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Sustainable Design

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Overview

Although New York City is perceived as a primarily “urban” place, DDC’s projects are located in a variety of settings, from parkland to dense urban neighborhoods. Respect for these neighborhoods is expressed in the design, orientation, and scale of the buildings, and through the creation of accessible outdoor space. New York City is an urban heat island, and DDC has emphasized strategies that mitigate heat absorption, such as light-colored, reflective roofs and paving, as well as tree-planting and green screens. Sustainable landscape practices have been used on all of these pilot projects, including selection of native, drought-resistant plants, use of structural soils, enlarged tree pits, and other sustainable planting techniques. Stormwater control has been achieved with increased site permeability, dry wells, detention tanks and constructed wetlands—important strategies because they help reduce the frequency of NYC’s combined storm-sanitary sewer overflows into the rivers and estuaries that surround the city.

 
Bronx County Hall of Justice
Design commenced 1995

Stormwater detained on site
Permeability increased
Alternate transportation
encouraged
Urban Heat Island
Effect mitigated
Neighborhood
connectionsreinforced

Increased site
permeability,
stormwater detention
tanks
Light-colored, high-
reflectance and low-
emissivity roofing
Extensive green roof on
parking area
Plaza shaded with
trees; light-colored
paving used
Native, drought-
resistant plants
Located near subways
and commuter rail
Bicycle racks and
showers
Building’s height and
configuration designed
to minimize shadows
and enhance public
plaza

ACS Children's Center
Design commenced 1998

Neighborhood scale
and culture reinforced
Alternate transportation
encouraged
Urban Heat Island
Effect mitigated

Adapted reuse of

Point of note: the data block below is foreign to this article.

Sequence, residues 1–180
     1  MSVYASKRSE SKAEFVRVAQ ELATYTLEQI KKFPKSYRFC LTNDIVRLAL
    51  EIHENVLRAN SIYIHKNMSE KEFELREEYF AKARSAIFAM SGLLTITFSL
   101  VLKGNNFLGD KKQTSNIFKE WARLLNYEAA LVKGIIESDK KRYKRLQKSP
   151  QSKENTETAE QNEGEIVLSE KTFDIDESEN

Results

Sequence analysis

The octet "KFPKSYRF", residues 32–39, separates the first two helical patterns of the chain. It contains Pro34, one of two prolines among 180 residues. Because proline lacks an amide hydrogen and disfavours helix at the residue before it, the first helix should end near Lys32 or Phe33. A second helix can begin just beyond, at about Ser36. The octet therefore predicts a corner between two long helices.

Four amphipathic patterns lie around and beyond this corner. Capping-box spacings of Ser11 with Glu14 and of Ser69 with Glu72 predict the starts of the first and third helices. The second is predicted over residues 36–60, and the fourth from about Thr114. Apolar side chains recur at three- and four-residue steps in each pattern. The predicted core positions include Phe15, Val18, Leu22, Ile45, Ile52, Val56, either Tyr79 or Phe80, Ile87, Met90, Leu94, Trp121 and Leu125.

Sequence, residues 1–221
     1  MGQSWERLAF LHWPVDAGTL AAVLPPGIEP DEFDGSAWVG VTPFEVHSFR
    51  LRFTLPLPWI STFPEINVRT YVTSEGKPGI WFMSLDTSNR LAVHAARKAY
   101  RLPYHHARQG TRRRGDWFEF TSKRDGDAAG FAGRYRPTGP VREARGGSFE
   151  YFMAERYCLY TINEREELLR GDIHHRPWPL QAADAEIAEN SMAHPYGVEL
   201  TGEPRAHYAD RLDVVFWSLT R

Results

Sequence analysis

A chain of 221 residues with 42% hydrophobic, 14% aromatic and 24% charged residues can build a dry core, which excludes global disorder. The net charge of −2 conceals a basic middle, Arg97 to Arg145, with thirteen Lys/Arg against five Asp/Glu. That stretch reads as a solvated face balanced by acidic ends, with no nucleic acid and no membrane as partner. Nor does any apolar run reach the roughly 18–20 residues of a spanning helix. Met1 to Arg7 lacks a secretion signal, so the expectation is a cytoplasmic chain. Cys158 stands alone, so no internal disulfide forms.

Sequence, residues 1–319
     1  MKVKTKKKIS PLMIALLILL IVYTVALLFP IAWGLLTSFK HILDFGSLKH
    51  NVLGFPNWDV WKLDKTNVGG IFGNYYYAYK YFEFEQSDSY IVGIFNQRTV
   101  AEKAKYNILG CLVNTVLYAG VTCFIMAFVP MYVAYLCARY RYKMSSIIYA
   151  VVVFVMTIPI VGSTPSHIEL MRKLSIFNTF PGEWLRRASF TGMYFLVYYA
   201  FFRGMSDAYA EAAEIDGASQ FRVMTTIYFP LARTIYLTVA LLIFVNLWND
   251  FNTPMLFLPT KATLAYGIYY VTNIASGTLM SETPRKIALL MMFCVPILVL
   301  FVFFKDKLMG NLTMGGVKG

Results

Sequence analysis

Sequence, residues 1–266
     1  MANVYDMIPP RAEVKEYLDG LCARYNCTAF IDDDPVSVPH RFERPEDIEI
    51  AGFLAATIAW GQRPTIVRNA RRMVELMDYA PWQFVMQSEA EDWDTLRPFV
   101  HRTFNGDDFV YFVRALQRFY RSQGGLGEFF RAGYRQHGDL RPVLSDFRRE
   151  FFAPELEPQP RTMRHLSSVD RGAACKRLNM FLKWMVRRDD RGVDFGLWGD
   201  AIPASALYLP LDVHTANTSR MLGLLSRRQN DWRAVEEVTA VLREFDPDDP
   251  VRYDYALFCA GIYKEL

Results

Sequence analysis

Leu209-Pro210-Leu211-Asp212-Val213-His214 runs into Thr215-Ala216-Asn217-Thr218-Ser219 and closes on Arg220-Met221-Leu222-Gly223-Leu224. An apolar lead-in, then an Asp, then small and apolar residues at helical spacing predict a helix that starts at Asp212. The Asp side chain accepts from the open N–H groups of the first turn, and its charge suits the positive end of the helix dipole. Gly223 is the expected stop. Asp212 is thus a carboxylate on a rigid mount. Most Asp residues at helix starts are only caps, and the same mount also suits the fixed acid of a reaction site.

historic McKim Mead
and White building
Urban setting near
public transportation
Light-colored paving
used in sidewalk and
vehicle drop-off

Queens Botanical Garden
Design commenced in 1999

100% of stormwater
retained and cleansed
on site
Landscape and building
integrated—open space
protected and restored
Grey water retained
and cleansed on site
Urban Heat Island
Effect reduced
Alternate transportation
encouraged
Brownfield redeveloped
Light pollution reduced

Rainwater cleansed in
cleansing biotope; grey
water cleansed in a
constructed wetland
Native, drought-
resistant plants
Extensive green roof,
light-colored where not
planted
Parking permeable,
varying with usage
Designated carpool
parking and charging
stations for electric
vehicles
Bicycle racks and
showers

George R Vierno Center Dormitory
Design commenced 1999

Alternate transportation
encouraged
Nighttime light
pollution reduced

Light-colored, reflective
roofing used
Light-colored paving
used
Shuttle bus to public
transportation provided
for staff
Bicycle racks and
showers available for
staff
Exterior luminaries with
cut-off

Williamsburg Daycare Center
Design commenced 1999

Neighborhood scale
and culture reinforced
Urban Heat Island
Effect mitigated
Nighttime light pollution
reduced
Street tree health and
longevity enhanced

Light-colored, reflective
roofing used
Light-colored paving